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Airman resiliency reinforced through “Four Pillars” during Wingman Day

Utah Adjutant General, Maj. Gen. Jefferson Burton addresses the Utah Air National Guard at the beginning of Wingman Day.  The UTANG holds Wingman Day annually to give their Airmen a chance to learn how to take better care of themselves physically, mentally, emotionally and spiritually.  Burton reminded the Airmen that today was a day for them to take care of themselves from the neck up. (Utah Air National Guard Photo by TSgt Kelly Collett/Released)

Utah Adjutant General, Maj. Gen. Jefferson Burton addresses the Utah Air National Guard at the beginning of Wingman Day. The UTANG holds Wingman Day annually to give their Airmen a chance to learn how to take better care of themselves physically, mentally, emotionally and spiritually. Burton reminded the Airmen that today was a day for them to take care of themselves from the neck up. (Utah Air National Guard Photo by TSgt Kelly Collett/Released)

Utah Air National Guard State Command Chief, CMSgt Michael Edwards reiterates the message of safety and looking out for one another during the morning message from the leadership that kicked off Wingman Day.  The Utah Air National Guard holds Wingman Day in order to provide some time to their Airmen to strengthen themselves; physically, mentally, emotionally and socially. (Utah Air National Guard photo by TSgt Kelly Collett/Released 2014)

Utah Air National Guard State Command Chief, CMSgt Michael Edwards reiterates the message of safety and looking out for one another during the morning message from the leadership that kicked off Wingman Day. The Utah Air National Guard holds Wingman Day in order to provide some time to their Airmen to strengthen themselves; physically, mentally, emotionally and socially. (Utah Air National Guard photo by TSgt Kelly Collett/Released 2014)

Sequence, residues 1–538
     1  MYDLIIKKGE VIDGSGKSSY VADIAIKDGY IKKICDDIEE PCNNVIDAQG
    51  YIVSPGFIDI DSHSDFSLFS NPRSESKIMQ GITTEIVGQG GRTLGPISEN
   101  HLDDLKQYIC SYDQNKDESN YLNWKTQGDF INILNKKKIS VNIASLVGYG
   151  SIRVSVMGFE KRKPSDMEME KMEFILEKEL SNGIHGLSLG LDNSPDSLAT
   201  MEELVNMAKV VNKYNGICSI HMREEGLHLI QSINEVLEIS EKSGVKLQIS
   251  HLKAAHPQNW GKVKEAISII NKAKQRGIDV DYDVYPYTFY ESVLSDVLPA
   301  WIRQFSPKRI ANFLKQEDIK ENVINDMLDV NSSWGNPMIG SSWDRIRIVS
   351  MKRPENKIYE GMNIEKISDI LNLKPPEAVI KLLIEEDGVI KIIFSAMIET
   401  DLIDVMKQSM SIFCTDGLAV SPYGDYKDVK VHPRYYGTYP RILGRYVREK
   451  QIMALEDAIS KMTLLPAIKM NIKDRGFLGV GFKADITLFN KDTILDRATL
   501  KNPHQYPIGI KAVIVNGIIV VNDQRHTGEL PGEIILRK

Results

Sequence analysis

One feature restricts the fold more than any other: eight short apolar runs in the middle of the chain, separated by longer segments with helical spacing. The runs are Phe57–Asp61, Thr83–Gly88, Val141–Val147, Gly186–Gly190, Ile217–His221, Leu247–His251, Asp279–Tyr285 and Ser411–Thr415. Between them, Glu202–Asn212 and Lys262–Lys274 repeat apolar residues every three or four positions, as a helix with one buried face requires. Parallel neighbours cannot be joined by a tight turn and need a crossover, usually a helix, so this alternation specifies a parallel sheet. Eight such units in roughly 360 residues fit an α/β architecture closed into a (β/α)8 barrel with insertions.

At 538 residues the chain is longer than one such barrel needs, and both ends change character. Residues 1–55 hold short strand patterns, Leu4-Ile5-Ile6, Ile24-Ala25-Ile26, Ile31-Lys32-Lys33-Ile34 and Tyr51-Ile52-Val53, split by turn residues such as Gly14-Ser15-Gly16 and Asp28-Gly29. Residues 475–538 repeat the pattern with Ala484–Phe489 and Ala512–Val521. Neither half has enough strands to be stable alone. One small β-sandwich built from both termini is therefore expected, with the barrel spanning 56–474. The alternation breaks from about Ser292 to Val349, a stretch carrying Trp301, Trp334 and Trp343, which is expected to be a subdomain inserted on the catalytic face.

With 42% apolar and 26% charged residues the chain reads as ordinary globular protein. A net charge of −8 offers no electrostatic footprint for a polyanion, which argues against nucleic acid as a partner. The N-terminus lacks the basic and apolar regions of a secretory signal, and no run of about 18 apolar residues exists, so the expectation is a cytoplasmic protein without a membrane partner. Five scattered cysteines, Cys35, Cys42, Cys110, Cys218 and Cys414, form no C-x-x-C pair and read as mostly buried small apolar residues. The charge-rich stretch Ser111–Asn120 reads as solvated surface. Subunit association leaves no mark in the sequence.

Airmen from the Utah National Guard, located at the Salt Lake City Airbase, take time on Wingman Day to participate in a team-building exercise.  Wingman Day is held annually for the UTANG Airmen to strengthen themselves physically, mentally, socially and spiritually. (Utah Air National Guard photo by TSgt Kelly Collett/Released 2014)

Airmen from the Utah National Guard, located at the Salt Lake City Airbase, take time on Wingman Day to participate in a team-building exercise. Wingman Day is held annually for the UTANG Airmen to strengthen themselves physically, mentally, socially and spiritually. (Utah Air National Guard photo by TSgt Kelly Collett/Released 2014)

Salt Lake City --

The Utah Air National Guard annual Wingman Day was held May 4 at the Salt Lake Air Guard Base.  Airmen were guided through breakout sessions on resiliency strategies in the physical, mental, spiritual, and social aspects of their lives.

The theme for this year's Wingman Day was "Airmen 4 Airmen," suggesting Airmen need to remember to be a wingman to their fellow Guardsmen, and using tools in four pillars of resiliency to support themselves and each other.

Chief Master Sgt. Michael Edwards, Utah State Command Chief Master Sergeant, outlined each pillar, explaining why each one is important to overall resiliency.

"Mental means approaching challenges in a positive way," said Edwards.  "Physical is keeping yourself physically fit, leading to a better attitude, more ability, mental health, and strength.  Social means maintaining trusted, valued friendship.  Spiritual is to have purpose and meaning in your life.  Having these pillars in your life will increase your well-being, your resiliency, and mission success."

Col. Darwin Craig, 151st Air Refueling Wing Commander, asked Airmen to live with the distractions in the world like phones and internet, but to not allow those distractions to take away their attention from more important matters.

"Obviously, put down the phone while you're driving, but in your life, with your families, take the time to put some of the distractions down and spend time with them," said Craig.

Maj. Gen. Jefferson S. Burton, The Adjutant General for the Utah National Guard, said Airmen need personal resiliency as a tool during difficult times.

"Our brain is the most important thing that we've got," said Burton.  "We talk about maintenance all the time, fixing our jets, fixing our equipment, servicing our weapons.  We need to take care of ourselves from the neck up, too."